Hot Yoga

Bikram v. heated Vinyasa yoga: Just what is the difference?

Bikram v. heated Vinyasa yoga: Just what is the difference?

Yoga pose
Austin Fit Magazine examines the difference between heated Vinyasa and Bikram yoga. Photo courtesy of Austin Fit Magazine

Editor's note: Each month, CultureMap features an exclusive story from Austin Fit Magazine.

As Austin is one of the healthiest cities in America, yoga studios abound, offering a variety of classes. But just what is the difference between heated Vinyasa and Bikram yoga? This month, the magazine tackles that very question. For more, pick up the November issue on newsstands now.

Often when I tell new students, friends or simply people met in passing that I teach heated Vinyasa yoga, the first response is, “Oh, I don’t do that 105-degree hot yoga.” The second response, usually, is, “I didn’t know there were other types of heated yoga.”

 “Vinyasa” is a Sanskrit word that has several different meanings and may be deciphered by its Sanskritic roots. “Nyasa” denotes "to place," and “vi” means "in a special way.” 

Heated Vinyasa and Bikram yoga are both Hatha-based practices; in Hatha yoga, Pradipika Swatmarama introduced his system as a preparatory stage for physical purification that the body practices for higher meditation or yoga. All Hatha yoga is based on asanas (postures) and pranayama (breathing techniques); however, there are several differences between heated Vinyasa and Bikram yoga.

Heated Vinyasa

“Vinyasa” is a Sanskrit word that has several different meanings and may be deciphered by its Sanskritic roots. “Nyasa” denotes "to place," and “vi” means "in a special way.” Some of the most common definitions for Vinyasa include (but are not limited to) "linking breath with movement."

Generally, Vinyasa is used as a noun to describe the sequence of poses that are performed between Adho Mukha Svanasanas (downward facing dog) as part of a Surya Namaskara (sun salutation) sequence; however, this is more correctly termed “half vinyasa,” since vinyasa returns to complete standing asana, or positions.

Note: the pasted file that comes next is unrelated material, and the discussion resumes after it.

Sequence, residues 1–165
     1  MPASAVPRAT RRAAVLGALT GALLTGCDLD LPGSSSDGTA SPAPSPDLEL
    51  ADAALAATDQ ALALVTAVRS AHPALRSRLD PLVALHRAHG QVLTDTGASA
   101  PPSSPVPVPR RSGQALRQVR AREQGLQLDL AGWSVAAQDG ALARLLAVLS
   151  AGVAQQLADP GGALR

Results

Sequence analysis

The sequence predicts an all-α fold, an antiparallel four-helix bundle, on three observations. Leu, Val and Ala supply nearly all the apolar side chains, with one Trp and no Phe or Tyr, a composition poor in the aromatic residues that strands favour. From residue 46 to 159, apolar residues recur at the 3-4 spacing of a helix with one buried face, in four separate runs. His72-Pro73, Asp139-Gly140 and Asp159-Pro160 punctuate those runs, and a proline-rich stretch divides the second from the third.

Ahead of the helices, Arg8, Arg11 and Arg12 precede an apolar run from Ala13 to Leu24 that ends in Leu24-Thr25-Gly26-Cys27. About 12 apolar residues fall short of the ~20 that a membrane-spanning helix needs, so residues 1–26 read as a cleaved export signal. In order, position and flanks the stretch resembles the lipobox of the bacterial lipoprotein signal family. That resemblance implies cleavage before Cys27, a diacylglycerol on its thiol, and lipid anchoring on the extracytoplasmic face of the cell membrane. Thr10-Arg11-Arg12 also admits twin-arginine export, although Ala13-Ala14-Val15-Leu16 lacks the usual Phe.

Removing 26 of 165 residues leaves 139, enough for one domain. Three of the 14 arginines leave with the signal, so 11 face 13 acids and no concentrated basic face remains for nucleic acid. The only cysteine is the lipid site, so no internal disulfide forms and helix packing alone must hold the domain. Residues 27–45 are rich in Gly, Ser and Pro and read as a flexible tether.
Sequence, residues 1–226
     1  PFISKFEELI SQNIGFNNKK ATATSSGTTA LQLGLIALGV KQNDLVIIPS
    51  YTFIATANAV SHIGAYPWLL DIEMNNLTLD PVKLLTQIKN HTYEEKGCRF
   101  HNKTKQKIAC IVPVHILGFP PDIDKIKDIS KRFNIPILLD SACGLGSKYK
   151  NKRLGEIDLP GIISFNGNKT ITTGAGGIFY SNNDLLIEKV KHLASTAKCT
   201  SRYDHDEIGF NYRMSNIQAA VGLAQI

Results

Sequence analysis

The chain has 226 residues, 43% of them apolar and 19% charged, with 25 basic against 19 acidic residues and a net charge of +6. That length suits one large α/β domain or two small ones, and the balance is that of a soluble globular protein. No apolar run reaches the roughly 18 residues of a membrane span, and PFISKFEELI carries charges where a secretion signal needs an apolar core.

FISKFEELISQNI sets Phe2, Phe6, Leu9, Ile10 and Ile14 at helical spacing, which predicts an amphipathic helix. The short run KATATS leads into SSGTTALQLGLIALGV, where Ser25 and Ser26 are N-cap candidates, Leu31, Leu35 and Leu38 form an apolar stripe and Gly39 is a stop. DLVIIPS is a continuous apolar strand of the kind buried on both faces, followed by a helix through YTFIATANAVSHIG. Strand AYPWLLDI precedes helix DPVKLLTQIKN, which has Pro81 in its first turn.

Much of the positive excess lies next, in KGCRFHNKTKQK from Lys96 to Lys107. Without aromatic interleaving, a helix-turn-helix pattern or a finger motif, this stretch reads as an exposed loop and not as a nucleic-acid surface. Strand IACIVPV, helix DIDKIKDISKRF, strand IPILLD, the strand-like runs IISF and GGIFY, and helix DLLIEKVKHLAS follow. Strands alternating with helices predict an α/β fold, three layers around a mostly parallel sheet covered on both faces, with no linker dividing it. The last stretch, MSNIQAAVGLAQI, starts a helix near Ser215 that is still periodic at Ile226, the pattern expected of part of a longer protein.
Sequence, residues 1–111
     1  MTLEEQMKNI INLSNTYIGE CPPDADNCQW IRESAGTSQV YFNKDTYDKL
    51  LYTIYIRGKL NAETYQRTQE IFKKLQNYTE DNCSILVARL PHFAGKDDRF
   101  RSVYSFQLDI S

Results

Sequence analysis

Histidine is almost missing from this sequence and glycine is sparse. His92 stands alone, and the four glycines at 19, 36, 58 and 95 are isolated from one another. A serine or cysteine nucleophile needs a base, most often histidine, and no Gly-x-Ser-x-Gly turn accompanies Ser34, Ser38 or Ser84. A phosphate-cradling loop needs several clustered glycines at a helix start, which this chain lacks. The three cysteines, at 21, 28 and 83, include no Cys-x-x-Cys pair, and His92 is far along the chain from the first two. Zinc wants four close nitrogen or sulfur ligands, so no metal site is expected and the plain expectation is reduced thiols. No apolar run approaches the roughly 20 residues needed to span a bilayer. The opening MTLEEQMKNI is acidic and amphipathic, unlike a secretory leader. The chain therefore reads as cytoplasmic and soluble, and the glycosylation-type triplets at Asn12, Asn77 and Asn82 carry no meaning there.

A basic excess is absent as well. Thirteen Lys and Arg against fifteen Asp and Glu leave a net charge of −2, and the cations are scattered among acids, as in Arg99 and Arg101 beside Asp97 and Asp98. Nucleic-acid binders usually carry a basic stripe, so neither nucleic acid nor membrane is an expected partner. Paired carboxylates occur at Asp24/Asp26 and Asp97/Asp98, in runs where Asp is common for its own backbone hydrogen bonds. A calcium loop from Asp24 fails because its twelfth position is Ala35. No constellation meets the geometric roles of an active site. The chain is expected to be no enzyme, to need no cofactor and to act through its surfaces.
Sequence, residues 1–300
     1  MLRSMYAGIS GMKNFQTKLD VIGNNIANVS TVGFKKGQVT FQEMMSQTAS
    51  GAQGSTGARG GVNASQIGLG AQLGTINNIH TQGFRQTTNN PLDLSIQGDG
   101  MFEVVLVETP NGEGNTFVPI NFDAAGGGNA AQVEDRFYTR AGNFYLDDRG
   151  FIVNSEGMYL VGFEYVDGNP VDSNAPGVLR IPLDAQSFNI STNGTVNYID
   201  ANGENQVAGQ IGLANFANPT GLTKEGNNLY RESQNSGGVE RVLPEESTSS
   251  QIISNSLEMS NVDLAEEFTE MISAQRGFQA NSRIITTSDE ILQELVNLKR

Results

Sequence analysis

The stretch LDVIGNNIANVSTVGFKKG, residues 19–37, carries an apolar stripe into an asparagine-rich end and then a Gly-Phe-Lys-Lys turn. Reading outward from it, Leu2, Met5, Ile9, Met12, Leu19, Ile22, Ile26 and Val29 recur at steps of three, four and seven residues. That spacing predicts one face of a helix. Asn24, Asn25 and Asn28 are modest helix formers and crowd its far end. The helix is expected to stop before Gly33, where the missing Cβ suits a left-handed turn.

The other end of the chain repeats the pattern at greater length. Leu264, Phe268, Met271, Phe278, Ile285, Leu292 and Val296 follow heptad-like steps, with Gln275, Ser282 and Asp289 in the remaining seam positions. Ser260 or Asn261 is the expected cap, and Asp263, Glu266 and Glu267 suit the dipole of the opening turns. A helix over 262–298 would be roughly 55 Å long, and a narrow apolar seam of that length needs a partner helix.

Finally, most, if not all, Vinyasa classes contain some variation of a sun salutation (Surya Namaskar), whether it’s simply for warming up in the beginning or flowing from one pose to another. Heated Vinyasa yoga is ideally practiced in a room heated to approximately 78 to 95 degrees Fahrenheit, depending on the studio.

You can expect a flowing class that contains Pranayama, sometimes music and a variety of different poses that range from novice level to advanced. All Vinyasa classes vary in intensity and pace, but, overall, when practicing Vinyasa yoga, movement and breath should always be simultaneous.

Bikram yoga

Bikram yoga, on the other hand, is a set sequence of yoga asanas that Bikram Choudhury generated by using traditional Hatha yoga asanas. Bikram yoga classes run for 90 minutes and consist of the same series of 26 postures and two breathing exercises. Bikram yoga is practiced in a room heated to 105 degrees Farenheit (approximately 40.6 degrees Celsius), with a humidity of 40 percent. You can expect the exact same 90-minute class each time you attend.

There are several different varieties of yoga out there, so do not hesitate to try them all, find out which ones resonate with you the most, and embrace them. Yoga is a very special and sacred practice; be sure to share it with everyone you know and make the world a better place.

Namaste.